Justin said...

I think it's a cover-up by Tartu police, though I don't know if it's intentional.

Here's a list of all "crimes of note" this weekend for each district in Estonia. Note in Tallinn, any fight or attack is listed (and the same with some other districts). In Tartu, nothing is listed except thefts.

You can go back other days and see the same things. So either fights aren't important, or they aren't being reported.

Mingus said...

Thanks Anonymous, but perhaps we should try to be constructive and not defamatory.

And thank you Márton.

Justin - I think you wanted to post a link? It didn't come through. But I have to agree with you, at least as much as I do think it is intentionally covered up.

Justin said...

Hmm guess I forgot to post the link. Here it is:

http://www.politsei.ee/et/pressile/uudiste-arhiiv/uudis.dot?id=60656&rpid=25292

Giustino said...

I swear I've seen that pervert guy before, but not at a playground ... got to think of where ... hopefully not a friend's party ...

Giustino said...

Thanks. Somehow, that idiot Giustino never writes anything about the real, dark side of Tartu and just goes on and on about how safe and wonderful Tartu/Estonia is because nothing ever happened to him.

Maybe because compared to the other places I have lived (New York; Washington, DC) Tartu is comparably safe and wonderful. DC was the worse of the two. When I lived there, in 1998-2002, it was just beginning to climb out of its Marion Barry-era abyss, when it was America's murder capital for a number of years.

In an urban situation, you sadly learn to avert your gaze, you say nothing to the person who accosts you, you hold your breath, hoping that the assailant will bother someone else, and you know you can't exactly count on the police to come to your rescue. Here's a question: has anyone ever been accidentally shot to death by the police in Tartu? It's happened multiple times in New York City.

Perhaps my previous experiences have jaded me. Like this comment from Mingus:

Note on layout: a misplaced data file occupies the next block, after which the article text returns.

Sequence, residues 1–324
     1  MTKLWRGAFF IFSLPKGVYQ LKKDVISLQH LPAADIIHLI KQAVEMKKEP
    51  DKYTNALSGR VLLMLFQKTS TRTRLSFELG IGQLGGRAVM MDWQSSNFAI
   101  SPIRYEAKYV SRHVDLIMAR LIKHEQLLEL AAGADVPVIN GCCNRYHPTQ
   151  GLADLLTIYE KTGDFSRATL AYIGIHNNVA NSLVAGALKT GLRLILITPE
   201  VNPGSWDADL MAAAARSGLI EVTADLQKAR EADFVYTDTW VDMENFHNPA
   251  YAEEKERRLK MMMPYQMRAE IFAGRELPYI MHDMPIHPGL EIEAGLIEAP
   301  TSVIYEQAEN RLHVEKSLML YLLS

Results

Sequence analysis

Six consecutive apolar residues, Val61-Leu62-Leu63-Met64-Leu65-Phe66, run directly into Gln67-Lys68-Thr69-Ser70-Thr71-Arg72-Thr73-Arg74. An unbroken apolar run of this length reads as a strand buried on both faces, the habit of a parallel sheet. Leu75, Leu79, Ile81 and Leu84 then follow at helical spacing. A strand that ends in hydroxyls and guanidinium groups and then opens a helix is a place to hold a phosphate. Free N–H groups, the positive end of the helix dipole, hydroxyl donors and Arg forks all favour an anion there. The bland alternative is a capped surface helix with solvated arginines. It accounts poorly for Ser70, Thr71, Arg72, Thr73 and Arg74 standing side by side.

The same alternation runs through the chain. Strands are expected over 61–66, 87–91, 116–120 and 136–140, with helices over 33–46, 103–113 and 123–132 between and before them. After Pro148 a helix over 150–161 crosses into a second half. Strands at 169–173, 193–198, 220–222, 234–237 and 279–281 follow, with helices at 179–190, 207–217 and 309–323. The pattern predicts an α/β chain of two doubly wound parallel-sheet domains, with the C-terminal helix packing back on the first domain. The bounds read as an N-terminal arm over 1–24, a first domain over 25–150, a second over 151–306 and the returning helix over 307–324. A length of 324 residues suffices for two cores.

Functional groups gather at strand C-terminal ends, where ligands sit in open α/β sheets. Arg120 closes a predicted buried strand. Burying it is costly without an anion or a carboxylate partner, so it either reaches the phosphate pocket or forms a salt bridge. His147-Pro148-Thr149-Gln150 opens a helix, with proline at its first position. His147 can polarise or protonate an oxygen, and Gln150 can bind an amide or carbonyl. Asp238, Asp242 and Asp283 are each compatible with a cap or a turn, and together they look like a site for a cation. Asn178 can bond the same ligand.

They may wear modern clothes, having abandoned denim bodysuits and Nike tracksuits, but Coke Light is still Coke, and junk food is still junk food.

Have you ever been to Queens? In some places, they are still wearing Nike track suits! And they are dangerous guys. I used to live close to Howard Beach, in 2005 and 2006 two separate racially-motivated attacks occurred there. The difference was that in at least one case, the perpetrator, one Nicholas Minucci, actually went to jail.

I hope that pressure from blogs like Mingus' can somehow push the Estonian criminal justice system on the path of punishing criminals. If such attacks had happened pre-Civil Rights movement in Howard Beach, they probably would have gone unpunished.

Giustino said...

By the way, does Estonia have a public online database of registered sex offenders? I always used to check out our neighborhoods in the US.

Justin said...

I lived in DC around the same time Giustino did. I suppose it's just personal experience, but I was never a victim of crime there, and I've had more problems living in Estonia.

I've called the police a few times both in DC and Estonia, and the police in DC were much quicker and efficient. Twice in DC I called 911 for a crime in progress and multiple patrol cars were on the scene within 90 seconds. Meanwhile in Tallinn I've called for crimes in progress (a rape, multiple fights), all in old town, and response times were usually at least 5 minutes or more.

Of course that's all anecdotal. I certainly have no fear of someone sticking a gun in my face in Estonia, while that could definitely happen in DC (note that guns are illegal in Washington, DC, but criminals don't care of course).

Estonia does appear to have a higher homicide rate than the US, if you look at the overall country and not just urban areas:
http://en.wikipedia.org/wiki/List_of_countries_by_intentional_homicide_rate

Still I'm not saying Estonia is full of crimes -- I certainly feel safe. Just that the US is not as crime-ridden as it may seem.

Giustino said...

I am ashamed of my indifference to my fellow man, actually, Justin. I went to school with violent skinheads, so they don't shock me; I had friends beaten up, so it doesn't surprise me; I don't put my faith in the police, so I am not disturbed by their poor performance. I sadly may not feel true outrage until something happens to me (ph ph ph - spitting in the air). Knowing Estonian does help. If you are a foreigner, you can change the dynamic of a bad situation by pretending to be a local ... The idiots might not buy it, but it may also confuse them.

Justin said...

Looks like Tartu Police may be doing a cover-up again. Here's a report from Ohtuleht about how a boy in Tartu was severely beaten and later died. It happened on Sept 20:

http://www.ohtuleht.ee/index.aspx?id=395997

Now here's the police listing of "major events" from Sept 20, 21, and 22:

http://www.politsei.ee/et/uudised/uudis.dot?id=63225&rpid=25181

http://www.politsei.ee/et/uudised/uudis.dot?id=63287&rpid=25181

http://www.politsei.ee/et/uudised/uudis.dot?id=63304&rpid=25181

The only "crimes" in Tartu during that time worth listing appear to be property crimes. Hmm...